To see this part of the lesson unfold, watch:Classroom Video: Connection to Prior Knowledge
To start off this lesson I will pose the following questions: What motivates you to do well in school? If grades don't motivate you, what would?
The students will copy this question into their reading notebooks. Next they will participate in a 5 minute free write. The idea is that they must write to this prompt for 5 minutes solid.
This is going to be really daunting for your students because five minutes seems like a really long time. They will struggle to keep going, and that is okay! I tell them, when you are stuck, write about why you are stuck. See if anything pops into your mind. Just keep writing! The point is to build up writing endurance and show students how writing can lead to more ideas to write about. Forcing them to keep going will also keep them thinking about the issue at hand.
Once they are finished writing, give students a few minutes to chat with their shoulder partners about what they've written. Sixth graders will most likely have strong opinions about this, so I want to take advantage of this natural opportunity for them to practice their speaking and listening skills.
To see this part of the lesson unfold, watch:Classroom Video: Complex Tasks
Now present students with this article, "Should You Pay for an A." As they read, have them highlight information that they feel is important to the article. When they finish reading, have them write the 4 most important items that this article presents. I am going to ask my students to write these items in complete sentences right under their free write paragraph in their notebooks.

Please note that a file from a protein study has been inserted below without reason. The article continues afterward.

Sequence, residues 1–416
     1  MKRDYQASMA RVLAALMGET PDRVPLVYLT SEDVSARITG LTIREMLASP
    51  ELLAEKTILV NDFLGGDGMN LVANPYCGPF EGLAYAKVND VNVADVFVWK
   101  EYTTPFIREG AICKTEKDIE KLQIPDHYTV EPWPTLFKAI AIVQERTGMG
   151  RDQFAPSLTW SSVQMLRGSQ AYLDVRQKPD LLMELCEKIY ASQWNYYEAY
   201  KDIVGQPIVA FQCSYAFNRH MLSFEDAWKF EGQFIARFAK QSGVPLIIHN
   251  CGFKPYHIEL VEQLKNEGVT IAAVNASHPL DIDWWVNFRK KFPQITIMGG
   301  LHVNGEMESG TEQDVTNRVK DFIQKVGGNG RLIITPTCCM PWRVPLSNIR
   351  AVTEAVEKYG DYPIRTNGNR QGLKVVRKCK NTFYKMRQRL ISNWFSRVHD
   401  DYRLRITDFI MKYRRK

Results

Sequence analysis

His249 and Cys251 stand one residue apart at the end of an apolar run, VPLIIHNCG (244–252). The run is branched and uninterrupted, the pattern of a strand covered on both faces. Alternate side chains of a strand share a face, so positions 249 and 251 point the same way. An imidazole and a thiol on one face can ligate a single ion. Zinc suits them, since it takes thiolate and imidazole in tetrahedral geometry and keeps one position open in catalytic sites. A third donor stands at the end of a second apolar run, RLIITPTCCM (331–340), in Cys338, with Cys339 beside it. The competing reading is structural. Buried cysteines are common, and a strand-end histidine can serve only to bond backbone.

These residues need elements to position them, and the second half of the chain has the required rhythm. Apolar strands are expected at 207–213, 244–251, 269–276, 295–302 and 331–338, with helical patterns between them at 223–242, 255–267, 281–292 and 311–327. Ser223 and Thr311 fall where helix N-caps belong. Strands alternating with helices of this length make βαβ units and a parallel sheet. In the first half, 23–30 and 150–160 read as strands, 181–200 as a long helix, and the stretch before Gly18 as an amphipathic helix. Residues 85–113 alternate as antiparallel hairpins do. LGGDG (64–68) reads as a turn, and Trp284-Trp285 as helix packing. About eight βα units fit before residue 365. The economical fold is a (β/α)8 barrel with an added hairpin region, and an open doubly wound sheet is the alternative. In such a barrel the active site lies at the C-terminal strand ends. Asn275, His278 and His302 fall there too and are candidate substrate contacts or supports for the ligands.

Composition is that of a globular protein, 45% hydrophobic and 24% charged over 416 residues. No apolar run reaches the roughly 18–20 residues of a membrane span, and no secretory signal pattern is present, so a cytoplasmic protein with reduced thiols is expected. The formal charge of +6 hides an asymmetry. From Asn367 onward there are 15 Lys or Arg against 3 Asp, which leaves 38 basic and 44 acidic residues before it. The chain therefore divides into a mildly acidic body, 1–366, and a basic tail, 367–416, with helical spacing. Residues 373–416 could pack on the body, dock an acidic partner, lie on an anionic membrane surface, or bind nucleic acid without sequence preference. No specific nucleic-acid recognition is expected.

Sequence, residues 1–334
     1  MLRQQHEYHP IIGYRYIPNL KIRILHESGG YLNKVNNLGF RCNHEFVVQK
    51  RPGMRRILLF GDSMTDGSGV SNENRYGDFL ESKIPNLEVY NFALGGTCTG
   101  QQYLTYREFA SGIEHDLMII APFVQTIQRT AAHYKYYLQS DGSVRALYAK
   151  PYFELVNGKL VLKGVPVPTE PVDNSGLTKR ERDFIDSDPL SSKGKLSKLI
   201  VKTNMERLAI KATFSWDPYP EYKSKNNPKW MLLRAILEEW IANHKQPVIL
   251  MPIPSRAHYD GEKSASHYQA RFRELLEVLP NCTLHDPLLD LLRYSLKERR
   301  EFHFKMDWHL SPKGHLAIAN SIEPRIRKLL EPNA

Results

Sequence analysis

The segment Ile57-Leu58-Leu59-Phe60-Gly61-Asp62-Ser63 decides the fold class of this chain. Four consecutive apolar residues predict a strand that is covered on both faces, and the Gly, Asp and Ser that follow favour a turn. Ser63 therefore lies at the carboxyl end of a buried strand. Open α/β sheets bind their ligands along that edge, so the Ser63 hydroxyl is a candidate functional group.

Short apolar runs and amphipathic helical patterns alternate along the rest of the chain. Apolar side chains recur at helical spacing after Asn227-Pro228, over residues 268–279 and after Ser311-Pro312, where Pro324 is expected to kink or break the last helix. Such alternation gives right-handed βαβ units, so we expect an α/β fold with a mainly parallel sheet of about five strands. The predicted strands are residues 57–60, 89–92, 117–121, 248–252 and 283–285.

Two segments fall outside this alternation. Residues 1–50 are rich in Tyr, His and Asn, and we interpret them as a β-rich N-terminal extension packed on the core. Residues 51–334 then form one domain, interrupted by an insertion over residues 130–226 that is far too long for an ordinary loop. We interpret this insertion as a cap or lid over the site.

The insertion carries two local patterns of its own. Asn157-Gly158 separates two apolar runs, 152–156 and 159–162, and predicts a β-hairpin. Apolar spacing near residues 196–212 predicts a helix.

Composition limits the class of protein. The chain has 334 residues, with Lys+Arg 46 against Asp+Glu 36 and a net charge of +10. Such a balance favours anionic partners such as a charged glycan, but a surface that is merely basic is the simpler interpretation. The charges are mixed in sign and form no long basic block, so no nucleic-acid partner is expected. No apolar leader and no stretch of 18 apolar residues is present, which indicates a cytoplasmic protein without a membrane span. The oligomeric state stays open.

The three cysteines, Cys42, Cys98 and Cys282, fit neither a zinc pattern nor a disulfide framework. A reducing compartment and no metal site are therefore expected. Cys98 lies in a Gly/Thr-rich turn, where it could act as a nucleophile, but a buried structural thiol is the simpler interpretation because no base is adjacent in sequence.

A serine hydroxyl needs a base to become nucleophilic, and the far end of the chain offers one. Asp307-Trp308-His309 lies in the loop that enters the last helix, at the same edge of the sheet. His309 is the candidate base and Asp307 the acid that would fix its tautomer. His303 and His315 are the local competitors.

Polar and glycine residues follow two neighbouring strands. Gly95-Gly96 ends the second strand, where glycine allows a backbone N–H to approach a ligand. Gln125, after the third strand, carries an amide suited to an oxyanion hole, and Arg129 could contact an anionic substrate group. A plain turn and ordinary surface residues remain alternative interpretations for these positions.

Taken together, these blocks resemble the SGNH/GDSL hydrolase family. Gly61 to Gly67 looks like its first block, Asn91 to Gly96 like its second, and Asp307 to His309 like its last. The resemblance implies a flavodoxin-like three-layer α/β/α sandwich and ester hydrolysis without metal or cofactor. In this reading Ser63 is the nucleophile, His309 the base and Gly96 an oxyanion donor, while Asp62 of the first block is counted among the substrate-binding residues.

I will have students partnered for this activity because some of the vocabulary in the text is a bit difficult. I will also be available to answer any questions about vocabulary or concepts presented in the article. Students will read in a reciprocal manner where one student reads and the second summarizes. They will take turns reading like this while deciding what are the 4 most important parts of the article.
This activity promotes the Common Core shift of reading informational text, that is also quite rigorous while preparing them to write for a variety of reasons.
To see this part of the lesson unfold, watch:Classroom Video: Shared Expectations
Each group of partners will have a list of the 4 things that are the most important in the article. The partners will discuss their 4 and narrow them down to 2. Next the partners will meet up with another group of 2 and share their ideas. Together these groups of 4 will attempt to come to consensus on the very most important part of the article. If they cannot come to consensus, that is fine. For this part of the activity, they can go with the majority. If the group is split evenly that will work as well. I am more concerned about the dialogue and discussion than coming to actual consensus.
Each group of 4 will share out their very most important point aloud with the class, and I will record it on the smart board.
We will have a brief class discussion over these ideas. What do you agree with or disagree with?
To see this part of the lesson unfold, watch: Classroom Video: Real World Applications
Now, it is time to write! Each person will be starting with the one idea that was the most important. If students agree with their group members, they can use their own idea at this point.Students will elaborate on the main idea by using evidence from the article along with their own ideas. Again, this will be a 5 minute free write where I encourage them to write for the entire time.
This is an example of what CCSS refers to as readable writing. This a high quality piece of writing that is organized and thought out but not taken through the entire writing process. It will help students prepare for assessments like PARCC where they have to write a constructed response on the spot.
This writing time promotes critical thinking and allows students to work on creating a range of writing tasks which are both crucial part of the CCSS.